What I gleaned about the story: Aunt Edith is dead. Charles is suffering from PTSD, was known to have argued with her, and has no alibi for the time of the murder. Plus he was found tampering with the scene of the crime. Chances are good he’s going to be a suspect.
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Note: The book opens with a list of the major characters. This is a well-enough established practice, especially for sprawling books of political intrigue. But here’s a thing I’ve noticed. In 95% of the books I’ve ever read that included a cast of characters listing, those lists have been absolutely necessary, but not because there are too many characters to keep straight. The problem I see over and over again—even in major books from major authors—is that the casting roster is required because the author has done an abysmal job of making their characters distinct and memorable.
If your protagonist, his sidekick, his great-uncle Louie, and the dastardly villain all behave the same, talk the same, and are little more than label markers for the indistinguishable dialogue you give them, then you can be absolutely certain readers won’t have any idea who’s who. When this happens, the solution most authors seem to leap for is the casting roster. But in reality, when readers are confused about who is who, that’s a sign of a deeper, more insidious problem, and providing a character list is not so much a fix for that problem as a bandaid slapped on over it. These days, I interpret the presence of a dramatis personae at the start of a book as a confession by the author that they suck at writing distinct characters. And I set my expectations accordingly.
Note: Once again we see a book that indents every paragraph as well as putting a blank line between them. This is an instant red flag for me, suggesting that no experienced book designer was involved in the making of the book. Shields up!
Analysis: This happens repeatedly throughout the first two pages. Little quips and asides about the deeper past are set in simple past, so the timing is indistinguishable from things going on in the “present.” Consider this bit, taken from the second page:
I still smelled the blood. I failed Aunt Edith. Everything inside me wrenched.
The story is being told in past tense, so the simple past represents “now.” Reading this passage, it sounds like he smelled the blood, and then he failed his aunt. But that’s not what happened. The aunt is already dead, lying at his feet. It’s her blood he’s smelling. The failure had already happened before the story even opened.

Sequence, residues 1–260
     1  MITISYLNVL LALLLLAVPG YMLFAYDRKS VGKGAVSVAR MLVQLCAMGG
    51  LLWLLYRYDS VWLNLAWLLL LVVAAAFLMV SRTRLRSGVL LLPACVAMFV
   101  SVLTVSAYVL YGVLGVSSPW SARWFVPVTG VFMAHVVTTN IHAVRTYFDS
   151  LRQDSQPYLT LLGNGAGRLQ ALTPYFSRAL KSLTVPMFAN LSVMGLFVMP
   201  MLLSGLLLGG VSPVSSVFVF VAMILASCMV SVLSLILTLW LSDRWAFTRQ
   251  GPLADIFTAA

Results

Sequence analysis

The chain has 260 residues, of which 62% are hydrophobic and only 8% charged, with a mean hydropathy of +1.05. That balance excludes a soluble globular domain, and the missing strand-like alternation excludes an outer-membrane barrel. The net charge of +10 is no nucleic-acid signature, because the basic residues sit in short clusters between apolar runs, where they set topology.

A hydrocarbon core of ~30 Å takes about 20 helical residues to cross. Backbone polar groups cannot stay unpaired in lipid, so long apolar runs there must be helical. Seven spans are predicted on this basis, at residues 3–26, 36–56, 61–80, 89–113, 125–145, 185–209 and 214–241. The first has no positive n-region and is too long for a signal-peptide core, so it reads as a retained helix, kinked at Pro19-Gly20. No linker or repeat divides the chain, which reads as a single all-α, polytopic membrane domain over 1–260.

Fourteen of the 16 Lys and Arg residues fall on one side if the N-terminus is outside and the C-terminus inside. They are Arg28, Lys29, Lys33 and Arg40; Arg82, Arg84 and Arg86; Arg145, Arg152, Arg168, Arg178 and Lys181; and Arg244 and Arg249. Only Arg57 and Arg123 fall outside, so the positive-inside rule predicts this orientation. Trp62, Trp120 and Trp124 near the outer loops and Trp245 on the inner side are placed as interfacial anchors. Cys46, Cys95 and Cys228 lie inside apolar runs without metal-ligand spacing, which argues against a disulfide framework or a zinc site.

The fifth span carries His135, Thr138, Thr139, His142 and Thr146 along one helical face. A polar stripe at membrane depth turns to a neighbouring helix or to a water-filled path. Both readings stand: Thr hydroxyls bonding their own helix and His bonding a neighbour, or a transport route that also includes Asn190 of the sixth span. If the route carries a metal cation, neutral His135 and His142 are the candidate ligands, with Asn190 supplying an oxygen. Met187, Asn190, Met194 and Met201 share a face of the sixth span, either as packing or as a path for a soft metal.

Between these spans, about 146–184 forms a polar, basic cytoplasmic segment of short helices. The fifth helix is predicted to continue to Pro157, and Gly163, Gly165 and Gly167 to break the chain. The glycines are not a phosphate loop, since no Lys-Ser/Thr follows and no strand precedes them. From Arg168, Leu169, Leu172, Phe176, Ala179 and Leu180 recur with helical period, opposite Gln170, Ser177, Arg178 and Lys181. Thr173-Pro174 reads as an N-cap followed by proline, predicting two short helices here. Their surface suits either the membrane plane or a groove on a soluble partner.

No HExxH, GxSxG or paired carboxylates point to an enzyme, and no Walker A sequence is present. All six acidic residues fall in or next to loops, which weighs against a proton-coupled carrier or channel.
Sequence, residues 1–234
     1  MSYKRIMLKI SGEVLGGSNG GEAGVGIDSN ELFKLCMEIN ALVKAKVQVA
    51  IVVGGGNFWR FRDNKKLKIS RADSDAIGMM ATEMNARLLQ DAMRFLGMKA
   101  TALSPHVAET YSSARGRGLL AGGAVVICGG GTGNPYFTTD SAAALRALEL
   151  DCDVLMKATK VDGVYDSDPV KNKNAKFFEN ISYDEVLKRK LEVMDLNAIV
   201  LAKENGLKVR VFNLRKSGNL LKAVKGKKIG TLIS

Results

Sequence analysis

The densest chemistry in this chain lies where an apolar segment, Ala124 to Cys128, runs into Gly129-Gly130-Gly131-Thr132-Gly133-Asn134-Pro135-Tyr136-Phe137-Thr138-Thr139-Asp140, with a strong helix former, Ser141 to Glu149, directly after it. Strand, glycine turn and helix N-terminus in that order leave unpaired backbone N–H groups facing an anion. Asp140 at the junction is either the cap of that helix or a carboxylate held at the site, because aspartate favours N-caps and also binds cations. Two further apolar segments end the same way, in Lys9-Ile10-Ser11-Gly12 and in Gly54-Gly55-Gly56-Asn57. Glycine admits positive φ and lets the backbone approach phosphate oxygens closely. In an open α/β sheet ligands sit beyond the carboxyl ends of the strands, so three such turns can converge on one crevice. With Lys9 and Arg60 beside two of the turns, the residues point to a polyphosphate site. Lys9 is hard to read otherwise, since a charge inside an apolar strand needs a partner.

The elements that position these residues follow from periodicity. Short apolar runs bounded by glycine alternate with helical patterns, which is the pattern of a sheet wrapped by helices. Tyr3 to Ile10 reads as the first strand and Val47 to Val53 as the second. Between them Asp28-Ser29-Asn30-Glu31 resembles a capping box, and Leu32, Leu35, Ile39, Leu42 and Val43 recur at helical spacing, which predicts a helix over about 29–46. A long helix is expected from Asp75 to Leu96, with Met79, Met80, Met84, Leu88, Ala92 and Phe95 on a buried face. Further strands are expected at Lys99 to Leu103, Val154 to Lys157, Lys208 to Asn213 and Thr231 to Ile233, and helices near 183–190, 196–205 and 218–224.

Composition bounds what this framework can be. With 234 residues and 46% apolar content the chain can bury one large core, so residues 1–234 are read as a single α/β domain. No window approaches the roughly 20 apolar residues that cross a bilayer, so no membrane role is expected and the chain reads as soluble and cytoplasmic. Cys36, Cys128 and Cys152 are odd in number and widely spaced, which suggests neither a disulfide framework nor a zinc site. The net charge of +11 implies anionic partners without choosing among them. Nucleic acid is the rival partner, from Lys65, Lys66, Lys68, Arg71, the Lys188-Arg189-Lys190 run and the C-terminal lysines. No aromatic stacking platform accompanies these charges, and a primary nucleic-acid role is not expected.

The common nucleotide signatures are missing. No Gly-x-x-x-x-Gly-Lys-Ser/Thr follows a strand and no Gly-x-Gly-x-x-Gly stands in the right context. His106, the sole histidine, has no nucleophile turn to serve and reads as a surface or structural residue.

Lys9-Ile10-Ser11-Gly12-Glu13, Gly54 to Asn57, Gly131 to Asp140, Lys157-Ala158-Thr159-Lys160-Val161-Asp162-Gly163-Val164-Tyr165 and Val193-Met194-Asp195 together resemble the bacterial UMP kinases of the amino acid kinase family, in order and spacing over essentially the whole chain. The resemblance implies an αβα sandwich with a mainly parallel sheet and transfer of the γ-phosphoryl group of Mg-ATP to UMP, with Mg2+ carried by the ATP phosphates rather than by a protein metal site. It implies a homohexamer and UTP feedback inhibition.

Unfortunately, it’s little grammatical flaws like this that can completely undermine a reader’s faith in the writing and/or the editing. I understand that writing in the past tense and knowing when to drop into past perfect for deeper past references can be a bit tricky in some situations, but it really is like immersion shielding when basic errors like this happen repeatedly in the first two pages.
Analysis: I’ve mentioned before that I find the practice of double-marking the paragraph breaks distracting. I honestly have no idea what leads some authors to doing it, because I have never in my life seen a professionally produced novel that had blank lines between paragraphs. For me, it conveys a subconscious feeling that the author is trying to make each paragraph its own special princess; weighty and profound and not to be taken lightly. I know that is not at all the intention, but it’s how that style feels to me. But whether intentional or not, it irritates me constantly when I see it—at pretty much every paragraph break—and distracts me from the story being told.
It’s possible that I’d get used to it once I got further into the book, but do you really want your readers having to grit their teeth and bear it for the first half hour?
Analysis: The second chapter opens on a scene in which the protagonist and his parents are all present, but we haven’t been told whether anybody else is in the room with them. The protagonist is 11 yrs old and is leaving for boarding school. His father makes a remark advising him not to get girls pregnant. We are then told that the protagonist’s older brother has just baptized William III.
At first, I wondered what the former king of England had to do with this, but then the narrator told us that the advice about pregnancy had been a joke, and I noticed that the father and brother were also called William. I’m normally pretty quick on picking up humor, so I’m wondering why it escaped me here. I suspect the problem was two-fold. First, there was that red herring about British royalty to break up my reading flow, and then I suspect there was another culprit at work: those pesky paragraph breaks.
See, I think part of the problem for me with those blank lines is that this is normally how fiction signals a scene break. I think that, subconsciously, this is why every paragraph feels a bit isolated to me, because scene breaks are where the situational context gets set to null, and we readers prepare ourselves mentally for a shift, throwing out the context of the previous scene and getting ready for the new scene that’s about to begin. It may even trigger the same psychological process, called the “doorway effect,” that accounts for why we can’t remember what we were doing when we enter a new room.
Anyway, regardless of reasons, when I finally did piece the parts of this joke into a whole, I realized that I’d spent almost a full minute excavating the logic for what turned out to be an inconsequential aside.
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